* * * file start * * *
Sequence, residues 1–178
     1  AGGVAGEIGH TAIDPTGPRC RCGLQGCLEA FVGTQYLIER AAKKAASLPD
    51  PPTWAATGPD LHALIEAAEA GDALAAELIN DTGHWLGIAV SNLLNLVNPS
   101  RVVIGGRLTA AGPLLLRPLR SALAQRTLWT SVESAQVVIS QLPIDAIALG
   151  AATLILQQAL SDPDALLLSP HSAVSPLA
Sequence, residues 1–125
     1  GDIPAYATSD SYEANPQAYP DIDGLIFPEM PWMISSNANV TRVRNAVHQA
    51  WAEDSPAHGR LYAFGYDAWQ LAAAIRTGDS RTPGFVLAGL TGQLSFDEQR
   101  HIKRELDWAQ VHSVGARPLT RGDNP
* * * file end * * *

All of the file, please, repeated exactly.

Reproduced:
Sequence, residues 1–178
     1  AGGVAGEIGH TAIDPTGPRC RCGLQGCLEA FVGTQYLIER AAKKAASLPD
    51  PPTWAATGPD LHALIEAAEA GDALAAELIN DTGHWLGIAV SNLLNLVNPS
   101  RVVIGGRLTA AGPLLLRPLR SALAQRTLWT SVESAQVVIS QLPIDAIALG
   151  AATLILQQAL SDPDALLLSP HSAVSPLA
Sequence, residues 1–125
     1  GDIPAYATSD SYEANPQAYP DIDGLIFPEM PWMISSNANV TRVRNAVHQA
    51  WAEDSPAHGR LYAFGYDAWQ LAAAIRTGDS RTPGFVLAGL TGQLSFDEQR
   101  HIKRELDWAQ VHSVGARPLT RGDNP